Harold Hall


As construction is not difficult I will keep explanations to a minimum relying on the drawings to provide the information required. The essential requirements are concentricity of the die holder and the guide bushes. Providing this is taken care of there is little in the way of complication.



Cut a length of material for the body and place in the three-jaw and bore the three diameters. This ensures concentricity of the larger for the die with the smaller for the guide bush. The intermediate bore is only to provide space for cleaning and visibility of the thread being made. Cut away (mill or saw) the two sides as per drawing to provide visual access to the part being threaded and using a file open up the aperture for easy access to the part. Drill holes for handles and fit these using a two-part resin adhesive. Drill and tap holes for die setting screws.



Ensure concentricity by turning the outer and inner diameters without removing the part from the chuck. Make the outer diameter a close fit in the body but the inner bore a little over the thread size, say 10.05 for an M10 thread. The reason for this is, as I know to my cost, that if made a very close fit and subsequently it is attempted to thread a piece of material that is slightly oversize then the bush will not go on. A little clearance will have negligible effect on the accuracy of the threaded component.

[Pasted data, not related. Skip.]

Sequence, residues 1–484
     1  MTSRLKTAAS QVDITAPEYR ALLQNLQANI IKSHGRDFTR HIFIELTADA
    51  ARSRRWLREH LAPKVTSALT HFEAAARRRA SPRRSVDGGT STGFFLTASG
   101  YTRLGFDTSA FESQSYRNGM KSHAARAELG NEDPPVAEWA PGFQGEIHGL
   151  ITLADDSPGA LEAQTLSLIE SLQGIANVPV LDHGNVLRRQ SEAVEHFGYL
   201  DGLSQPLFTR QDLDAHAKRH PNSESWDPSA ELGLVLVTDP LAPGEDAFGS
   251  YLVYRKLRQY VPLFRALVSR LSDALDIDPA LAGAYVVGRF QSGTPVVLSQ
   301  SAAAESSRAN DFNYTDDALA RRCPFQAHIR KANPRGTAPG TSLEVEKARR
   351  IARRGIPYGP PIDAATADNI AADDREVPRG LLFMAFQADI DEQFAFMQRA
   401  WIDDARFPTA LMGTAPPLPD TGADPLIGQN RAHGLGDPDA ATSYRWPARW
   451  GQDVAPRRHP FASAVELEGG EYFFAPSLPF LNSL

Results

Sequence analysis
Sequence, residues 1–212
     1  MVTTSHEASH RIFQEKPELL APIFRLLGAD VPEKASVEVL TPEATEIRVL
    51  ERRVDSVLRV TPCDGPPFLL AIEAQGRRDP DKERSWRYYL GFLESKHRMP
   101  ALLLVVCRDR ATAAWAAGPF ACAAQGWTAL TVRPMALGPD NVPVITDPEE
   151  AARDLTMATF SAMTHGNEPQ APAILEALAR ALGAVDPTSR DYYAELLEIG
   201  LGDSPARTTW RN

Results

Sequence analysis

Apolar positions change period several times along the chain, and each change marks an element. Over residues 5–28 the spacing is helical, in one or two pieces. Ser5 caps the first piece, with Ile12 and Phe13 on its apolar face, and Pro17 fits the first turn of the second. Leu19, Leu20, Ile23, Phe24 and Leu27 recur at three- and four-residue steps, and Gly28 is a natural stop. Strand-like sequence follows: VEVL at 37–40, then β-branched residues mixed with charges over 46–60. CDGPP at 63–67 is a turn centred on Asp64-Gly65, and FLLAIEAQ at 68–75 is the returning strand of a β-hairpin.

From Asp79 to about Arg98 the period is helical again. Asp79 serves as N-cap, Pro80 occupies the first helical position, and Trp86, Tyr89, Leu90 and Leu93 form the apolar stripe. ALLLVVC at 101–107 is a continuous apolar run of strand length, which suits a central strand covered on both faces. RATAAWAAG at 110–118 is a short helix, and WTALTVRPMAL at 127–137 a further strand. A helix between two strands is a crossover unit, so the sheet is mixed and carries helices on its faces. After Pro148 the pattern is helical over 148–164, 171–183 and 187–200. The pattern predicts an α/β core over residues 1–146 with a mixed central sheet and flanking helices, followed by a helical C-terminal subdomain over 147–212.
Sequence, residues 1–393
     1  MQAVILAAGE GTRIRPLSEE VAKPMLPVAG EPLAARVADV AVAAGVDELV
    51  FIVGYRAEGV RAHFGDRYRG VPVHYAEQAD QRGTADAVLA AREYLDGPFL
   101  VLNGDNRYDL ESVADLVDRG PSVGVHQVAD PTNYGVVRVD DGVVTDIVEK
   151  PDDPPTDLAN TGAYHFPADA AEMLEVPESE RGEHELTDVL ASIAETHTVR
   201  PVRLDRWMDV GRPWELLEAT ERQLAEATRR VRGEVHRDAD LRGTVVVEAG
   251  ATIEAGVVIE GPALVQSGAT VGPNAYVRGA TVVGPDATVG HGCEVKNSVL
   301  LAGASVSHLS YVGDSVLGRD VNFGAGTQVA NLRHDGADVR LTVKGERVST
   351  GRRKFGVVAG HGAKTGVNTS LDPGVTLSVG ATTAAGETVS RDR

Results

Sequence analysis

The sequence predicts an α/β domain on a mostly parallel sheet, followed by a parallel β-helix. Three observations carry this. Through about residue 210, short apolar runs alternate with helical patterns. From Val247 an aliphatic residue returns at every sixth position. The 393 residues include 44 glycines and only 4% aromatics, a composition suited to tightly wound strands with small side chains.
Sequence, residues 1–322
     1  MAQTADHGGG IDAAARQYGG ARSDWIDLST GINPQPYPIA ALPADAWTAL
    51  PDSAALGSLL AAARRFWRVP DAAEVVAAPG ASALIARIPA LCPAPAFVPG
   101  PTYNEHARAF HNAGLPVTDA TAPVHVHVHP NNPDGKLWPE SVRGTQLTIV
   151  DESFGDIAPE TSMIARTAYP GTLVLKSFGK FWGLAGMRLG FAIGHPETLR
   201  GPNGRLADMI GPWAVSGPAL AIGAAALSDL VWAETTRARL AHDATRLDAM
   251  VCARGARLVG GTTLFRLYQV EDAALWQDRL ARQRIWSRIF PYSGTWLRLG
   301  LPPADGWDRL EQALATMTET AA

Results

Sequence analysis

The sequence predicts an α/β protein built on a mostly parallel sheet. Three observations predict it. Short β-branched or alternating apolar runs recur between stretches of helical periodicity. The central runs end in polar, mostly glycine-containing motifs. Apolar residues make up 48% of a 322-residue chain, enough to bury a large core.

In use

Fit the die in the holder, leading side toward the bush, together with its appropriate bush and placing the bush over the part to be threaded proceed to thread as is the normal practice with a hand operated diestock. The forward movement will keep the bush in the diestock and, if when removing it for cleaning, a bur exists on the inner end of the thread the bush will remain on the thread, but still allowing the diestock to be easily removed. A clamp screw for the bush as proposed in some designs in the past would seem superfluous.

The photograph shows the completed item. This makes producing long threads an easy operation with even very long threads being produced without any tendency to wander. When threading to a shoulder, the die can be reversed in the diestock and finished off with a trailing bush.


Having made and used  he item I am sure you will say,  why have I not made one previously.



Die Stock,  guided

Model Engineers' Workshop Projects

This project is one, of sixteen, from the above book, the others being simple, as this one, or more complex, such as a tapping stand having an automatic feed facility. For more details regarding the book  see my page elsewhere on the site.

Model Engineers' Projects, book


Workshop Projects